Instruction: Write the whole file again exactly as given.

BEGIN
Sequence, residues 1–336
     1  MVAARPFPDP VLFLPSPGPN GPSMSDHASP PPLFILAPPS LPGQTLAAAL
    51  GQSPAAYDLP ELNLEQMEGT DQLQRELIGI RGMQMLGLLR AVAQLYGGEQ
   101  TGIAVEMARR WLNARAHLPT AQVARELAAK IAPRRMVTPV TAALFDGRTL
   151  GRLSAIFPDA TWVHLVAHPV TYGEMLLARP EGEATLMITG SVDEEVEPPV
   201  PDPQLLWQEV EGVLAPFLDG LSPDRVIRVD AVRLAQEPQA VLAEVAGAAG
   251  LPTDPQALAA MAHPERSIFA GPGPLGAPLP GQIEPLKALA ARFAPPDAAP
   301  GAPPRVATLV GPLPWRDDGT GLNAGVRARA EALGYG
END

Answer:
Sequence, residues 1–336
     1  MVAARPFPDP VLFLPSPGPN GPSMSDHASP PPLFILAPPS LPGQTLAAAL
    51  GQSPAAYDLP ELNLEQMEGT DQLQRELIGI RGMQMLGLLR AVAQLYGGEQ
   101  TGIAVEMARR WLNARAHLPT AQVARELAAK IAPRRMVTPV TAALFDGRTL
   151  GRLSAIFPDA TWVHLVAHPV TYGEMLLARP EGEATLMITG SVDEEVEPPV
   201  PDPQLLWQEV EGVLAPFLDG LSPDRVIRVD AVRLAQEPQA VLAEVAGAAG
   251  LPTDPQALAA MAHPERSIFA GPGPLGAPLP GQIEPLKALA ARFAPPDAAP
   301  GAPPRVATLV GPLPWRDDGT GLNAGVRARA EALGYG